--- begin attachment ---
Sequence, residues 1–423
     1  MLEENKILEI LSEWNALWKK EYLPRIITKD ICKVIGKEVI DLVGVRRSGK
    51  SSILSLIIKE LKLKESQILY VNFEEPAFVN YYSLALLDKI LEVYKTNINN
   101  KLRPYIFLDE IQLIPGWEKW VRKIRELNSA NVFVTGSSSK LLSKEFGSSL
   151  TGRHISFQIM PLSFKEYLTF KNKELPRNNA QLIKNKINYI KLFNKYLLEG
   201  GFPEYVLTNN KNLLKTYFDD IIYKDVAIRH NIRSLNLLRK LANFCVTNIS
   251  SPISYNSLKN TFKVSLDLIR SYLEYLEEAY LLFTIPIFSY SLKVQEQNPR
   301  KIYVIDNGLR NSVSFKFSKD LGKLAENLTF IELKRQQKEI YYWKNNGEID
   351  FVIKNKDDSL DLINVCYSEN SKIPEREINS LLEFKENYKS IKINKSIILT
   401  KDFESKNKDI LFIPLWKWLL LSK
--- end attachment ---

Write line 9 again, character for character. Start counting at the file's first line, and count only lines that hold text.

   351  FVIKNKDDSL DLINVCYSEN SKIPEREINS LLEFKENYKS IKINKSIILT